Supporting English Teachers through Training in El Salvador

November 25, 2012

Cristian Meléndez developed many new skills and contacts during his Fulbright Faculty Development program, through which he studied Teaching English as a Second Language at Iowa State University in 2005. He has been enthusiastically sharing both of those assets back home in El Salvador, where he is Head of the Department of Language at the Universidad Católica de El Salvador, which has one of the largest English language programs in the country.

“When I returned to my country, I began to share with other teachers the knowledge and skills I gained during my program in the United States and formed the Salvadoran English Teachers’ Association (ASALPI) of which I am now the secretary” says Cristian. But establishing ASALPI as a registered non-governmental organization was not an easy task and took four years to accomplish. “We all worked in different institutions and some of us had to commute from a different city for the meetings.”

“The purpose [of ASALPI] is to provide teachers of English with training and opportunities for professional growth. We have trained more than 150 teachers from different parts of El Salvador.”

Recently, the U.S. Embassy in El Salvador awarded a grant to ASALPI to continue training Salvadoran English teachers.

Working with other teachers who have participated in U.S. government-sponsored exchange programs, Cristian devotes free time and personal resources to train and mentor others.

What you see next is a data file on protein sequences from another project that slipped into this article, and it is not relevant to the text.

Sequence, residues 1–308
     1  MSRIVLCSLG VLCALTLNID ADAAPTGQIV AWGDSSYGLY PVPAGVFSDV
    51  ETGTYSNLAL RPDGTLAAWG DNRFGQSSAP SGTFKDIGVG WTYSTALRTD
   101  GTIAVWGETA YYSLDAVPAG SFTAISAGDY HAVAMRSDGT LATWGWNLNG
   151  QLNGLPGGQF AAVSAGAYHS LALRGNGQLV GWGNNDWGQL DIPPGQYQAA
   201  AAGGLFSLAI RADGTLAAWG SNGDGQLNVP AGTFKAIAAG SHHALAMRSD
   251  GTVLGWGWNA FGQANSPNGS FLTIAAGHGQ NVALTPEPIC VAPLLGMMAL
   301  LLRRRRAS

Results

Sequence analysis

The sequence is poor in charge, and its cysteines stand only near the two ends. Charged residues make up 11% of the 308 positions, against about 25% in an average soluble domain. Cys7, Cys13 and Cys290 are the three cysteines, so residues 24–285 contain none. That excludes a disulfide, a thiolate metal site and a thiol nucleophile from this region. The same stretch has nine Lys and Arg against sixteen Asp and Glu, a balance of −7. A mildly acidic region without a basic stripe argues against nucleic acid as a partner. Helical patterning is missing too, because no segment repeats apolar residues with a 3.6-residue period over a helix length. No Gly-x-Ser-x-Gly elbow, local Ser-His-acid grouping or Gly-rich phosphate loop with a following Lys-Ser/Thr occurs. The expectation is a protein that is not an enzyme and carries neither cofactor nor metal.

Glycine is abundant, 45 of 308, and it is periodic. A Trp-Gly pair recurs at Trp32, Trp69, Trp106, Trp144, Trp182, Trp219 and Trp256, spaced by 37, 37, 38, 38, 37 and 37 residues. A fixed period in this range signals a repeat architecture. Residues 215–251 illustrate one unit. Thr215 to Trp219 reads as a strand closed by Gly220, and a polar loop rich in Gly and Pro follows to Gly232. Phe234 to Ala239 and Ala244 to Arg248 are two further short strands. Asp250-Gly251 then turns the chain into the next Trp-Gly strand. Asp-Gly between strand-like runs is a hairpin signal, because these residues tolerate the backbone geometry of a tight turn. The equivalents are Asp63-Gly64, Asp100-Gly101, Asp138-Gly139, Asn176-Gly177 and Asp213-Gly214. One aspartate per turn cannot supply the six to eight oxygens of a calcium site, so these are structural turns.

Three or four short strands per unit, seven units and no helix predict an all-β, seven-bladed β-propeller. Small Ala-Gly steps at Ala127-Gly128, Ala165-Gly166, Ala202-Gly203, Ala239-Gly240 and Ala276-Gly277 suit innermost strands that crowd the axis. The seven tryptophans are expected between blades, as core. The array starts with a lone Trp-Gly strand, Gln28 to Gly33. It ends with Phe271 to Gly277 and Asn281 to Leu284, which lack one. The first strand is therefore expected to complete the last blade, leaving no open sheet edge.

“In my free time I continue to train other teachers with ASALPI,” says Cristian “I travel to other cities to train teachers from public and private institutions throughout the country. I have also started volunteering for the State Department’s English Access Microscholarship Program, through which we will teach English to 60 14- to 16-year-old students from low income and underprivileged parts of the country. The Access project gives me great satisfaction, because I know that it will change these students’ lives.”

Cristian’s enthusiasm about exchanges and other U.S. government-supported programs continues to grow. He has a new perception of U.S. culture and invites others to experience the United States for themselves by participating in exchanges.

“Usually people believe that Americans are just the way they are portrayed in the movies and television series,” says Cristian “I realized that that is a stereotype, and they are not like the movies. Of course, the exchange program changed me not only as a professional, but also as a person. Now I want more people to have the same experience that I did. I encourage more teachers to participate in the different exchange programs that the Department of State offers. I want to give more opportunities to people to succeed in life the way I have.”